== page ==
August 27, 2013
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There is an increasing trend in the workplace, where employees bring their own devices (BYOD), typically smart phones or tablets, to work. With the emergence of devices like the iPhone and Galaxy phones, the trend keeps growing.

Why? Employees want the flexibility of using the latest technology to do their jobs more efficiently while multi-tasking chores like personal banking and staying connected with their lives outside of work. Allowing employees to use the tools they prefer increases satisfaction and retention. It also avoids the need for employees to carry a work and personal phone.

In an era of cost savings, where flexible workspaces and work from home programs are also becoming the norm, and with mobile technology changing at unprecedented rates, employers are likely to view BYOD as an appealing way to lower costs.  

Whatever the reason, it is now common for employees to have their devices and use them for both work and personal activities. Employers have started developing BYOD policies and programs in response to this trend. BYOD however, is a complex area that involves balancing a number of legal, human resources and information security issues.   

From the legal standpoint, the most significant issues that arise for both employees and employers are from a privacy and confidentiality perspective. The issue of privacy was grappled with in the 2012 Supreme Court of Canada (SCC) decision in R. v. Cole, and more recently, the British Columbia Court of Appeal decision in R. v. McNeice.

Both of these cases involved teachers convicted of accessing child pornography on their work laptops, where the employee was found to have a reasonable, though diminished, expectation of privacy in their personal use of the laptops. The SCC did not make any findings about the employer’s right to monitor their employees’ computer use, but these cases highlight the importance of clearly outlining the employee’s expectation of privacy, as well as the extent of the employer’s right to access and monitor BYOD devices within a policy. In a BYOD context, the fact that the employer no longer owns the equipment is only likely to increase the employee’s expectation of privacy, and reduce the employer’s ability to access and monitor communication on these devices.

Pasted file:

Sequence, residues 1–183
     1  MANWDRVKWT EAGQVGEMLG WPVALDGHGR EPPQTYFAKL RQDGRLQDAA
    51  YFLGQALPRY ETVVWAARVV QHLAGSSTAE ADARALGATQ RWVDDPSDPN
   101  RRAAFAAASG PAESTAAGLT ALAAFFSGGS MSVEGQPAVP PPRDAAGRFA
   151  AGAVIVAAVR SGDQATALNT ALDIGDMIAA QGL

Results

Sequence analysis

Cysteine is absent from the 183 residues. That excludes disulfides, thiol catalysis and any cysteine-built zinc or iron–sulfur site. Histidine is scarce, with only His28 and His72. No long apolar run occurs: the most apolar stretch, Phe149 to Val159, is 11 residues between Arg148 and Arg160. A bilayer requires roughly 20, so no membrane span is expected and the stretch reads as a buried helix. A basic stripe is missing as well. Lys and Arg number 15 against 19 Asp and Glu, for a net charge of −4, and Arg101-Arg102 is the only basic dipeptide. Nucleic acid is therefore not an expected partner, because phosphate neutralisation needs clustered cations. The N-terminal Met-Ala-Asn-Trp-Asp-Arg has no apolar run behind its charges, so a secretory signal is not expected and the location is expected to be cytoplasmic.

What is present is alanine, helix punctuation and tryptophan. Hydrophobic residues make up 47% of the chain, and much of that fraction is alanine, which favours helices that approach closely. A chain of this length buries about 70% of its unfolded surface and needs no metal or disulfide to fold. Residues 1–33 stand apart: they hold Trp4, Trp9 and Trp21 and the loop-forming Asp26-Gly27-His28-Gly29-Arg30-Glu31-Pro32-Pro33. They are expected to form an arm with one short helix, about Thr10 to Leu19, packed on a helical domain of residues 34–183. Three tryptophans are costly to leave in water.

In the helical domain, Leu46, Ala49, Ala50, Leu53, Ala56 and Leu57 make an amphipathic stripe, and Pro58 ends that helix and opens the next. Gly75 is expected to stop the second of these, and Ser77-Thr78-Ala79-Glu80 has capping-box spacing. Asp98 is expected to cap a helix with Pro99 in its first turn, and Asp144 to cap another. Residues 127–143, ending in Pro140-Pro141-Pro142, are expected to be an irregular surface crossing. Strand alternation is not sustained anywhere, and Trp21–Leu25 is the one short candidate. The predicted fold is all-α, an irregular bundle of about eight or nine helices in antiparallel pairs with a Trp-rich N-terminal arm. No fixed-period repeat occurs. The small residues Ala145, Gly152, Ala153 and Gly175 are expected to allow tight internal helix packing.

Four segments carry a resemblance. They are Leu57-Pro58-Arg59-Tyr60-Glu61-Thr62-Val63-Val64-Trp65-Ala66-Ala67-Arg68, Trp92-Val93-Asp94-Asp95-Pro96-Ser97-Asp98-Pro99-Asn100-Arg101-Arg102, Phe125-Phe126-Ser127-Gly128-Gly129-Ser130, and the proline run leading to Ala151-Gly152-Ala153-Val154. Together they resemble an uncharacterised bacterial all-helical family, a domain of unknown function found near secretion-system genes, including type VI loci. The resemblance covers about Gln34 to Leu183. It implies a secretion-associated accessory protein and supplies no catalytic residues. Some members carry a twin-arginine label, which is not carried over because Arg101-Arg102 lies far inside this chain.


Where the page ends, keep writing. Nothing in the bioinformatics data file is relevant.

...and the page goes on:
Employers should also keep in mind the Court of Appeal or Ontario’s 2012 decision in Jones v. Tsige, which recognized a new tort of “intrusion upon seclusion” in cases involving invasion of privacy in the civil context. This case involved access to another employee’s sensitive personal information, in this case, banking records, by another employee through the employer’s network.

In considering a BYOD program, it is important for employers to determine whether BYOD is even appropriate for their business. This will depend, in large part, on the nature and sensitivity of the information communicated over its networks. For example, BYOD is unlikely to be appropriate in industries where security issues and information theft are a strong possibility.

If BYOD is appropriate, there remain numerous issues for employers to consider when developing a BYOD policy. While the following is not an exhaustive list, an effective policy should:

  • Establish that BYOD is a privilege granted at the employer’s discretion;
  • Make reference to related policies that apply to the use of BYOD devices;
  • Outline which employees the BYOD policy will cover, and which devices will be allowed to connect with the employer’s network;
  • Clearly define what is considered business or personal use of a device, as well as the employee’s expectation of privacy with respect to each type of use;
  • Set out what access and monitoring rights the employer will have over the device;
  • Outline how costs associated with the device will be shared between the employer and employee, as well as what support will be available for employees using BYOD devices;
  • Address hours of work and overtime issues for eligible employees; and
  • Explain what happens to a device and/or the information stored on it when the device is lost or stolen, or when an employee leaves.

Given the complexities involved in BYOD programs, we recommend that employers get advice from experienced legal counsel early in the policy development process.

This content is not intended to provide legal advice or opinion as neither can be given without reference to specific events and situations. © 2017 Nelligan O’Brien Payne LLP.

Service: Employment Law